Assuncao rattled off his sixth straight win despite stiff opposition from Yves Jabouin, an extremely quick striker who trains in Montreal alongside Georges St-Pierre. If you could decide conclusively who won the first round, well, you’re a better man than I am. In what was exclusively a standup affair, Jabouin stuffed Assuncao’s takedown attempts and both men landed effective punches, but nothing too damaging.
Both men were active and aggressive, and Assuncao, a Brazilian jiu-jitsu black belt, surprisingly held his own in the standup exchanges and landed some decent combinations. A key moment of round two featured a pretty spinning back kick by Jabouin that knocked Assuncao against the cage, followed by a hard right hand to the head.
In round three, Assuncao used a beautiful foot sweep that dropped Jabouin momentarily, and later scored a takedown and took the Canadian’s back with the hooks in. The Brazilian was unable to achieve a fight-ending choke as Jabouin showed improved submission defense. Jabouin got back to his feet and scored with yet another powerful spinning back kick, then a hard right hand and then a mean spinning back fist. Assuncao was able to take it to the ground again and take Jabouin’s back again, to no avail.
In the end, the judges awarded Assuncao a split decision by scores of 30-27, 29-28, and 27-30, pushing the Brazilian’s record to 14-1. Jabouin, meanwhile, fell to 14-5.
Damacio Page vs. Will Campuzano
Based on Page’s reputation and the sinister look in his eyes as he walked to the cage, you had the feeling that Campuzano would be under siege in a matter of seconds. And, just as sure as the sun will rise tomorrow, Page and Campuzano met in the middle of the Octagon and swung for the fences. As electric as the moment was, it was short-lived as Page quickly secured a double-leg takedown, evaded a triangle choke, took Campuzano’s back and ended the fight with a rear naked choke just 62 seconds into the opening stanza. That means that all but one of Page’s 12 wins have come in the first round.
Campuzano, who resides in Dallas, had taken the fight on short notice.
Muhsin Corbbrey vs. Anthony Njokuani
WEC lightweights, don’t say we didn’t warn you: You probably don’t want to stand too long against Anthony Njokuani. That was the message that emerged loud and clear after the Nigerian-American’s surgical destruction of a very game but overmatched Muhsin Corbbrey. Despite scattered boos from some in the crowd, Njokuani stayed disciplined and executed his game plan, which was to keep his distance, stuff the takedown, and batter his shorter foe with precision punches and kicks. And the strategy worked to perfection for “The Assassin.”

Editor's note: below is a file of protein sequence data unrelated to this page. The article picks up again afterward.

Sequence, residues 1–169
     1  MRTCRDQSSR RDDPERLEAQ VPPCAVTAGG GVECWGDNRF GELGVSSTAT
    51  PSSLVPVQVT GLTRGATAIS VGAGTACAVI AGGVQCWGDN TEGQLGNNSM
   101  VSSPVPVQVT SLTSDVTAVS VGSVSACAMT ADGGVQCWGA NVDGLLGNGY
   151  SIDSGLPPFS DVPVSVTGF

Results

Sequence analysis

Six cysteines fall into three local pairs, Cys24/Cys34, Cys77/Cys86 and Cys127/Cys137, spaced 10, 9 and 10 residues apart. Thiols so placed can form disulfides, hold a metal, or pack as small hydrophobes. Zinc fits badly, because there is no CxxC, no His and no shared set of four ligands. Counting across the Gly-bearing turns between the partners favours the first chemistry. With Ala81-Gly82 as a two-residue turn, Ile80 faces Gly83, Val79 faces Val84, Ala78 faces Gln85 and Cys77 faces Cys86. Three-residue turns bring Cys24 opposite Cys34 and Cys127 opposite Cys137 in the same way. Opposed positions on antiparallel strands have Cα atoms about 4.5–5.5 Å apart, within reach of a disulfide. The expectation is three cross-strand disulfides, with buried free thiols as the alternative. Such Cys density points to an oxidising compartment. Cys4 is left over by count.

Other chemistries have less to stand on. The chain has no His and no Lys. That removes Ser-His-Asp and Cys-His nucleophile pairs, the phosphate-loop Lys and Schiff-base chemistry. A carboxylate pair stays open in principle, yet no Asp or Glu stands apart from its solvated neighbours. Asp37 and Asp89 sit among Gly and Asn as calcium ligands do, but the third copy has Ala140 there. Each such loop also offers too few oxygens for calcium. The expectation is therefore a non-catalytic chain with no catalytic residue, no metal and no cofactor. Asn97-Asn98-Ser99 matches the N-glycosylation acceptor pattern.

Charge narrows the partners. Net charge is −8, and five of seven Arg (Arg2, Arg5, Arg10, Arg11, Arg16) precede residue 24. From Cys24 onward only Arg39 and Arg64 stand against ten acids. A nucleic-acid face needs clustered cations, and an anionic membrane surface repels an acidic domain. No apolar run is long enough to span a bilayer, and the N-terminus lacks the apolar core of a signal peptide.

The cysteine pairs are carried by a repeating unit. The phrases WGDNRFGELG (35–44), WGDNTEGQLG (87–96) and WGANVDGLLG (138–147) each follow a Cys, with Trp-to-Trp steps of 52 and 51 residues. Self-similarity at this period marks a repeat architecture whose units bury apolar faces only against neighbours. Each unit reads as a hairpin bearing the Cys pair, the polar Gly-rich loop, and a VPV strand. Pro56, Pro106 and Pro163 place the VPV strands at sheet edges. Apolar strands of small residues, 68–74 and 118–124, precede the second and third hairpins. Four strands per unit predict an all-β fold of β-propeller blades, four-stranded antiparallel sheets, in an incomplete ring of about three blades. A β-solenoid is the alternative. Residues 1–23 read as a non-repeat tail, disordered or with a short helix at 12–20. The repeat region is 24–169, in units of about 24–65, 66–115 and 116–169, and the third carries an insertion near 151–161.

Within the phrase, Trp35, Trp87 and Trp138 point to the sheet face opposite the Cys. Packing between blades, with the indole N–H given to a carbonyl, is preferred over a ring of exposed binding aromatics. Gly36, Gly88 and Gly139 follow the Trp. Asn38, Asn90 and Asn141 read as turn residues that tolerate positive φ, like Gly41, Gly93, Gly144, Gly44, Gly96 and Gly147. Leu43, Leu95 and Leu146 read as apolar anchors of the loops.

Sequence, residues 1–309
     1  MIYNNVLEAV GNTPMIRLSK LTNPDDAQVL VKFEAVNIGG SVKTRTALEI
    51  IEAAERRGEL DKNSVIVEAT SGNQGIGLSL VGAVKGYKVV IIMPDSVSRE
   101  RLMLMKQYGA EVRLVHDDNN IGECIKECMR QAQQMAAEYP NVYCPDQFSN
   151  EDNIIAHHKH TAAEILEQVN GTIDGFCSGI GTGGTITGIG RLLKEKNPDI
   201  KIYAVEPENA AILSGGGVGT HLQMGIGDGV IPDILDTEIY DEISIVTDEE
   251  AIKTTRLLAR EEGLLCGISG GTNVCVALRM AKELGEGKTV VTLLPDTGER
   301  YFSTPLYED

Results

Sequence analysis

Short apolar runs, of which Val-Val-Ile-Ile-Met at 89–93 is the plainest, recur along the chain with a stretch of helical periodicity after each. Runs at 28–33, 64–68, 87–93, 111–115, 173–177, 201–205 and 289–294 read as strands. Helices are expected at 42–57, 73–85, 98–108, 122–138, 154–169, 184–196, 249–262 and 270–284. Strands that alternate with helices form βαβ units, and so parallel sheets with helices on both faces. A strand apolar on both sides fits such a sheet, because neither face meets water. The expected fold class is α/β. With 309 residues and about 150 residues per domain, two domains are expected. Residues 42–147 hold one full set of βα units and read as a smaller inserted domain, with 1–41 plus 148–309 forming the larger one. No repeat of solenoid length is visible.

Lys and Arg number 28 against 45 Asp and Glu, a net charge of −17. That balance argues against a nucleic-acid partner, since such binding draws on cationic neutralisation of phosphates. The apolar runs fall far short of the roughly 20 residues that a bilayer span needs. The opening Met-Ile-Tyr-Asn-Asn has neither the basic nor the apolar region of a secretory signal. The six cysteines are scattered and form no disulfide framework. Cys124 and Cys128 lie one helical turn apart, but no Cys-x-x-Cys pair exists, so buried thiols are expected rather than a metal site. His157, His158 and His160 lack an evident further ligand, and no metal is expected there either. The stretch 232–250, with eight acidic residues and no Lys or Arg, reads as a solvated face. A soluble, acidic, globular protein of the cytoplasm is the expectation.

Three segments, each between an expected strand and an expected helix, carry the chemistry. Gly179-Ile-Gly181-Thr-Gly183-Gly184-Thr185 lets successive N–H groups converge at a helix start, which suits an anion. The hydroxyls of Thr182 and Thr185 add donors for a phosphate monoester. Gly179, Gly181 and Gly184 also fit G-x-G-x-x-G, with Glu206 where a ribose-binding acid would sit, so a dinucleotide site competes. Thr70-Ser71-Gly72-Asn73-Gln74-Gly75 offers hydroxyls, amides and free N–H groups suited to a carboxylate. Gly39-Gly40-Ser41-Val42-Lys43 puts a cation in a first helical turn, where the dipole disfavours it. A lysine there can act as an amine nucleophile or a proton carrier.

Late in the first, Corbbrey (14-5) went to the canvas and Njokuani stood over top of him and landed several diving right hands with plenty of mustard on them. Corbbrey, a well-rounded fighter who is adept at leg locks and knee bars, hunted to gain hold of Njokuani’s legs but Njokuani (11-2) would have none of it and wisely invited the Team Lloyd Irvin prodigy back to his feet.
In the second stanza, Corbbrey, who has pro boxing and extensive Muay Thai experience, was unable to gain any momentum. A high kick to the head floored Corbbrey. When the Savannah, Ga., fighter popped to his feet, Njokuani tagged with a hard right that sent him right back to the canvas. Apparently dazed, Corbbrey frantically scrambled but absorbed a few heavy shots, prompting the referee to halt the bout at 1:42 of round two.
“This is a fight you can’t take any chances, even though they were booing,” Njokuani said afterward. “Sorry, but you need to play it safe.”
Noah Thomas vs. Scott Jorgensen
Thomas fought on short notice as a replacement for the injured Rafael Rebello and, unfortunately for Thomas, the lack of preparation showed. Jorgensen stole all the suspense early, muscling the former contestant from The Ultimate Fighter reality show and dropping him with a flurry of punches. On top, Jorgensen pounded Thomas with punches and elbows, forcing a TKO stoppage at 3:13 of round one.
With the win, the former Boise State University wrestler pushed his record to 7-3, 3-2 in the WEC.
Mackens Semerzier vs. Wagnney Fabianno